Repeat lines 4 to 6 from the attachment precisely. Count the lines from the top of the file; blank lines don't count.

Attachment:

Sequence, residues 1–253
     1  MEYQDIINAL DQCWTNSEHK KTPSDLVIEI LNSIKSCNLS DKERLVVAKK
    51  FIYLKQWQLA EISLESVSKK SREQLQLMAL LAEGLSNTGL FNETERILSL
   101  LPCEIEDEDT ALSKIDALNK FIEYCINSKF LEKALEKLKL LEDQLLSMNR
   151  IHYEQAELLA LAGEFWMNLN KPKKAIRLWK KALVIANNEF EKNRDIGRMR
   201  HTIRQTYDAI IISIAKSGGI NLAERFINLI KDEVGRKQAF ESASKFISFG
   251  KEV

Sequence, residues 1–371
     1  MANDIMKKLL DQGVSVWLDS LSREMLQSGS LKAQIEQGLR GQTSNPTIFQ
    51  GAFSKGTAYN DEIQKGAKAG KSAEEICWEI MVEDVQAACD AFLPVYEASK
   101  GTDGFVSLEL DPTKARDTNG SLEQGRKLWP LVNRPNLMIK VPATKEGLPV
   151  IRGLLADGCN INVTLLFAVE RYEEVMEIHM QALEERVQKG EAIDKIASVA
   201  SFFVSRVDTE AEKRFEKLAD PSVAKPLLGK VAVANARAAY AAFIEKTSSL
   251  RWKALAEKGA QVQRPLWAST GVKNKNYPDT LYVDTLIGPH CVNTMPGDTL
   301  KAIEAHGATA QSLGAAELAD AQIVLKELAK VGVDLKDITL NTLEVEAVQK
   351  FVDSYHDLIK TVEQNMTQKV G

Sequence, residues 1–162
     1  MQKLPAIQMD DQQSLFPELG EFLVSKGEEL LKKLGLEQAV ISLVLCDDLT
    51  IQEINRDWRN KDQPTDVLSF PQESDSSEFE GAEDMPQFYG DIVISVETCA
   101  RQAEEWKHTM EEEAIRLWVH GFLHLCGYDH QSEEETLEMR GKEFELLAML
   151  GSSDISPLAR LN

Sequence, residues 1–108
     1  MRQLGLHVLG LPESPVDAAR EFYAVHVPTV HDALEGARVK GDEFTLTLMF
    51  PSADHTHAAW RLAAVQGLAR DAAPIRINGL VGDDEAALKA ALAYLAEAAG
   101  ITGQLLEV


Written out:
   101  LPCEIEDEDT ALSKIDALNK FIEYCINSKF LEKALEKLKL LEDQLLSMNR
   151  IHYEQAELLA LAGEFWMNLN KPKKAIRLWK KALVIANNEF EKNRDIGRMR
   201  HTIRQTYDAI IISIAKSGGI NLAERFINLI KDEVGRKQAF ESASKFISFG